- Reducing Crime with Drug Courts: Working to reduce drug-related crime in Iowa, the Clinton Administration has awarded a Drug Court grant to the community of Des Moines. The Administration had previously awarded a grant to the Iowa community of Council Bluffs. Drug courts use the coercive power of the criminal justice system to combine drug testing, sanctions, supervision and treatment to push nonviolent, drug-abusing offenders to stop using drugs and committing crimes.
- $16.4 Million to Combat Domestic Violence: Through the Violence Against Women Act, Iowa has received approximately $16.4 million in federal funds to establish more women's shelters and bolster law enforcement, prosecution and victims' services. [through 9/2000]
- Over $624,000 in Grants for Battered Women and Children: In FY99, Iowa received over $624,000 in HHS's Family Violence Prevention Program grants to assist women and children fleeing domestic abuse.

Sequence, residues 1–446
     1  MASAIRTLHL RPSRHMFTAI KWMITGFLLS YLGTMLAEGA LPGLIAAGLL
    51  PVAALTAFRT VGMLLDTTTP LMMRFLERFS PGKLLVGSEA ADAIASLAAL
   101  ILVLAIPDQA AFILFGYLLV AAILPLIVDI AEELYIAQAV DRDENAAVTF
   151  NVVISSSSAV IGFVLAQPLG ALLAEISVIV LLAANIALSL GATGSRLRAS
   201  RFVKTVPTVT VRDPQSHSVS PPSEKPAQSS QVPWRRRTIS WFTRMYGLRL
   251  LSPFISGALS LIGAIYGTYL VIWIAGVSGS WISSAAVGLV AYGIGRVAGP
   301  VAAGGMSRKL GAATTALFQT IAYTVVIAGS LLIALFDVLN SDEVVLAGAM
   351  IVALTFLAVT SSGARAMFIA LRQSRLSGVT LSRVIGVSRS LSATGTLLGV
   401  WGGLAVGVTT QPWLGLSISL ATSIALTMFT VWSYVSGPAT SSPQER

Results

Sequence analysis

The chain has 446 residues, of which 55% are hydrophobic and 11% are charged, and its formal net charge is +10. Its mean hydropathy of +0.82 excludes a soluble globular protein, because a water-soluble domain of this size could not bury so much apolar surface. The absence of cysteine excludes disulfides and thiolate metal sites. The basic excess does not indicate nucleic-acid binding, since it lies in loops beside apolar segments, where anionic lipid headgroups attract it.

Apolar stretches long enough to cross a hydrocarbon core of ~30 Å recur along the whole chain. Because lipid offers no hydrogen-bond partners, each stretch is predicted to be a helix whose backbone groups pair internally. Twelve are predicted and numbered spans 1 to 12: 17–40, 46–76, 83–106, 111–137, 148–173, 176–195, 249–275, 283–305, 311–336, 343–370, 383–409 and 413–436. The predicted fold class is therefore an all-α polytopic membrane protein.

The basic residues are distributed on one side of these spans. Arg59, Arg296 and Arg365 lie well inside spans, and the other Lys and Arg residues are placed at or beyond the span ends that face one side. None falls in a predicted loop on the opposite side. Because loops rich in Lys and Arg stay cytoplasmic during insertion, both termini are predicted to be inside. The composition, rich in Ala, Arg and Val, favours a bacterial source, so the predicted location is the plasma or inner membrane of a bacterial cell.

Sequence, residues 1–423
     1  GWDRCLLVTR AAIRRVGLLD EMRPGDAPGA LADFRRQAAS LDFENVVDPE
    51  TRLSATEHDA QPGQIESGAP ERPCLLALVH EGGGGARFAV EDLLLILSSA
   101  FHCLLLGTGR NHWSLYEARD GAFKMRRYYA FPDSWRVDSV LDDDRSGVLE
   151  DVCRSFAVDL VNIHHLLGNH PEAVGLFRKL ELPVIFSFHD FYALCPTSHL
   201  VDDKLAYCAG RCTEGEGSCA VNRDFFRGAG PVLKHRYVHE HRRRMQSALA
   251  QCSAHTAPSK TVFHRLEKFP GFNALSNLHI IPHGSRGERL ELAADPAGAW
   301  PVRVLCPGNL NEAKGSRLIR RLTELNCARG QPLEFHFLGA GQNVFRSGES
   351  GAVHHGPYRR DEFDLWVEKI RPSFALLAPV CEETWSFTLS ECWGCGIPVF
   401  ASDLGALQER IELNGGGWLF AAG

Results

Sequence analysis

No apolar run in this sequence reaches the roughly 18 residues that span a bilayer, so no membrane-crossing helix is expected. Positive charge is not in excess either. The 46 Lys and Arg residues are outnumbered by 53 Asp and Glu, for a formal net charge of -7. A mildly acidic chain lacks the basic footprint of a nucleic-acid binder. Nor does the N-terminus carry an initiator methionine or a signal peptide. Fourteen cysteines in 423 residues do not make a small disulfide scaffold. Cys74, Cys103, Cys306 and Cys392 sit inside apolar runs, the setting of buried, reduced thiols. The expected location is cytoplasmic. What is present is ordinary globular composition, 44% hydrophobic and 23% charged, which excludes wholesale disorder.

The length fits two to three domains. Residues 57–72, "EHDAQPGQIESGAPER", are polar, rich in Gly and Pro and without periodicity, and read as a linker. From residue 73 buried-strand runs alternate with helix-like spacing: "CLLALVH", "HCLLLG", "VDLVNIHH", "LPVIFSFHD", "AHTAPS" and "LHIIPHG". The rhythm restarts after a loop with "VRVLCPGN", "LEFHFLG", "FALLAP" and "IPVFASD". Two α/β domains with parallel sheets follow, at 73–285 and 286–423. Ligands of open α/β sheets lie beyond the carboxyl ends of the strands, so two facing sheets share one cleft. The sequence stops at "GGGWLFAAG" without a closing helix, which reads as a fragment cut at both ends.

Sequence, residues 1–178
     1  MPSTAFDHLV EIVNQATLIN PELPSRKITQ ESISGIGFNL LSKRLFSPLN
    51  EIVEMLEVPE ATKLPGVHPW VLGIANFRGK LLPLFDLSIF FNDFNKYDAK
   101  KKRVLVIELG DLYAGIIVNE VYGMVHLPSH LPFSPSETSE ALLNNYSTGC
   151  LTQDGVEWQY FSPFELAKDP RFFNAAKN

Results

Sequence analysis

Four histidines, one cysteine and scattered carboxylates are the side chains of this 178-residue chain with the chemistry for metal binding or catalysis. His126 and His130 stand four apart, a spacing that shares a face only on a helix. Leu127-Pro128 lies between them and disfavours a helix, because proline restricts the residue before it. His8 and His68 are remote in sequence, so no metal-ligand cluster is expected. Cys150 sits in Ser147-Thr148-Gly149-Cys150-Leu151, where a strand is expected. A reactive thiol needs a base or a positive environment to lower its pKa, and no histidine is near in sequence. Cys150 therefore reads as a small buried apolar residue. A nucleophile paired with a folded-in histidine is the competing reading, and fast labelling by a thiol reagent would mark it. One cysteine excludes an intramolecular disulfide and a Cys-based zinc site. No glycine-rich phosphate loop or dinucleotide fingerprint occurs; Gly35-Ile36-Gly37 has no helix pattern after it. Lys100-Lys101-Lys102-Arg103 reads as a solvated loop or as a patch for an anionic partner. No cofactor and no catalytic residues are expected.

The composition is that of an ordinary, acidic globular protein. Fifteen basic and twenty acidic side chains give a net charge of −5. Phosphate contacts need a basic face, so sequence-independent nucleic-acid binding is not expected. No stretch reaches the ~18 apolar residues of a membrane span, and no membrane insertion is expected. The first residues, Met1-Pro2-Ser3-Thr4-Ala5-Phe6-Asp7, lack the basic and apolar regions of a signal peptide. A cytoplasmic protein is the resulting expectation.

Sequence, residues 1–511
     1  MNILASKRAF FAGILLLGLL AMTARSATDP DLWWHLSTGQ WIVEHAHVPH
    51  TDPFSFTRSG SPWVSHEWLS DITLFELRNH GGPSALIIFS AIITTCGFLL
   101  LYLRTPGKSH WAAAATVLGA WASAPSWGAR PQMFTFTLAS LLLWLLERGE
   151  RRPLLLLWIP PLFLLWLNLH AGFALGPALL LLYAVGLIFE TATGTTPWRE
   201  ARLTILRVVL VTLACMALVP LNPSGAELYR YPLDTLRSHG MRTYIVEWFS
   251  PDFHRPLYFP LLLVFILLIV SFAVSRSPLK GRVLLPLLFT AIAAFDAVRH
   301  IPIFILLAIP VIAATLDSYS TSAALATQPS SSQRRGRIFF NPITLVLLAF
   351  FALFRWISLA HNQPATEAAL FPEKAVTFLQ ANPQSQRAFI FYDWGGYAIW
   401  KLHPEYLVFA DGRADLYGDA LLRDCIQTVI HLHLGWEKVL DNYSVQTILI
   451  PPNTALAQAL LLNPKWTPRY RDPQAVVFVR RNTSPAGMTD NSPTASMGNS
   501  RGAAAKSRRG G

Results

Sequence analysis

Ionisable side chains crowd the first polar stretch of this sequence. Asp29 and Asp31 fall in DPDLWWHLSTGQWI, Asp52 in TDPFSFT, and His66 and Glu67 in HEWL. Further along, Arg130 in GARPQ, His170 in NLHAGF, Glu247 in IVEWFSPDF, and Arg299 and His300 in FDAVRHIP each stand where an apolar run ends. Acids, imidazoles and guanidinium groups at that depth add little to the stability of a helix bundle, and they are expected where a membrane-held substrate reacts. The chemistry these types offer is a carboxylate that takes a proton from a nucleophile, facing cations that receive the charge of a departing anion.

- $3.4 Million to Keep Drugs & Violence Out of Iowa's Schools: Iowa receives $3.4 million in FY01 for the Safe & Drug Free Schools Program, which invests in school security and drug prevention programs.
MOVING IOWANS FROM WELFARE TO WORK
- 43,587 Fewer People on Welfare: There are 43,587 fewer people on welfare in Iowa now than there were at the beginning of 1993 -- a 43% decrease. [through 6/99]
- Child Support Collections Up 94%: Child support collections have increased by $90 million—or 94% -- in Iowa since FY92. [through FY98]
- Encouraging Responsible Choices—Preventing Teen Pregnancy in Iowa: Since 1993, President Clinton and Vice President Gore have supported innovative and promising teen pregnancy prevention strategies, with significant components of the strategy becoming law in the 1996 Personal Responsibility Act. The law requires unmarried minor parents to stay in school and live at home or in a supervised setting; encourages "second chance homes" to provide teen parents with the skills and support they need; and provides $50 million a year in new funding for state abstinence education activities. Efforts are making a difference, adolescent pregnancy rates and teen abortion rates are declining. And between 1991 and 1997, teen birth rates declined 16.2% in Iowa.